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Radio stations are free to use clips from any of the episodes below. Time codes and descriptions for each segment are listed in the show notes. 

A selection of fully produced segments are made available weekly on the "For Radio Stations" page at the K-State Research and Extension news page.

Captioned episodes are available on our Agriculture Today YouTube page.

Oct 24, 2018

On today’s episode: strategies for controlling musk thistle in pasture areas; achieving target breeding weights for replacement heifers; the latest agricultural news headlines; Gus van der Hoeven’s “Stop, Look and Listen…”

Agriculture Today is a daily program featuring Kansas State University agricultural specialists and other experts examining ag issues facing Kansas and the nation. It is hosted by Eric Atkinson and distributed to radio stations throughout Kansas and as a daily podcast.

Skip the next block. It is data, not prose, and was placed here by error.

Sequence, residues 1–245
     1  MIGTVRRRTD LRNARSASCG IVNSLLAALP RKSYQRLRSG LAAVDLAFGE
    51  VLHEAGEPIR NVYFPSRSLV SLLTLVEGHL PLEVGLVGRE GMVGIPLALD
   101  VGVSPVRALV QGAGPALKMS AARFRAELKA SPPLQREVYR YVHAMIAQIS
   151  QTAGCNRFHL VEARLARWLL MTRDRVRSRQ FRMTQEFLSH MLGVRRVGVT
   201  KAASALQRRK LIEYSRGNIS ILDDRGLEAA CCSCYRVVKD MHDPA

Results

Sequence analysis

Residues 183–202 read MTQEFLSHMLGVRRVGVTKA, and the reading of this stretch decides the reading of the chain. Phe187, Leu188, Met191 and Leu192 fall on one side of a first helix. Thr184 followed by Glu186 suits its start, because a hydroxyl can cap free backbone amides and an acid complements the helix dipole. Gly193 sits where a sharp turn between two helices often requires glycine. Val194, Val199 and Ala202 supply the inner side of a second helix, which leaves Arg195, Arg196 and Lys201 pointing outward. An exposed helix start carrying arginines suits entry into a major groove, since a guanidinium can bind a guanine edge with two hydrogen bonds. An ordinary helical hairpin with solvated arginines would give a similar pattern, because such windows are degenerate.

00:01:30 – Controlling Musk Thistle:  K-State pasture management specialist Walt Fick goes over the latest strategies for controlling musk thistle in pasture areas, saying that the next month or so is an ideal time for spraying those thistle rosettes...he talks about the herbicide choices that get the job done, including those products that provide residual control of spring-emerging thistles. 

00:013:00 – Beef Cattle Institute Podcast:  A segment of this week's Cattle Chat podcast from the Beef Cattle Institute at K-State:  veterinarians Brad White and Bob Larson and cow-calf specialist Bob Weaber take a look at achieving target breeding weights for replacement heifers, and what daily rates-of-gain are necessary to accomplish that.

00:24:31 – Ag News:  Eric Atkinson covers the day's agricultural news headlines.

00:32:59 – "Stop, Look and Listen":  K-State's Gus van der Hoeven presents "Stop, Look and Listen", his weekly commentary on rural Kansas.


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K‑State Research and Extension is a short name for the Kansas State University Agricultural Experiment Station and Cooperative Extension Service, a program designed to generate and distribute useful knowledge for the well‑being of Kansans. Supported by county, state, federal and private funds, the program has county Extension offices, experiment fields, area Extension offices and regional research centers statewide. Its headquarters is on the K‑State campus in Manhattan.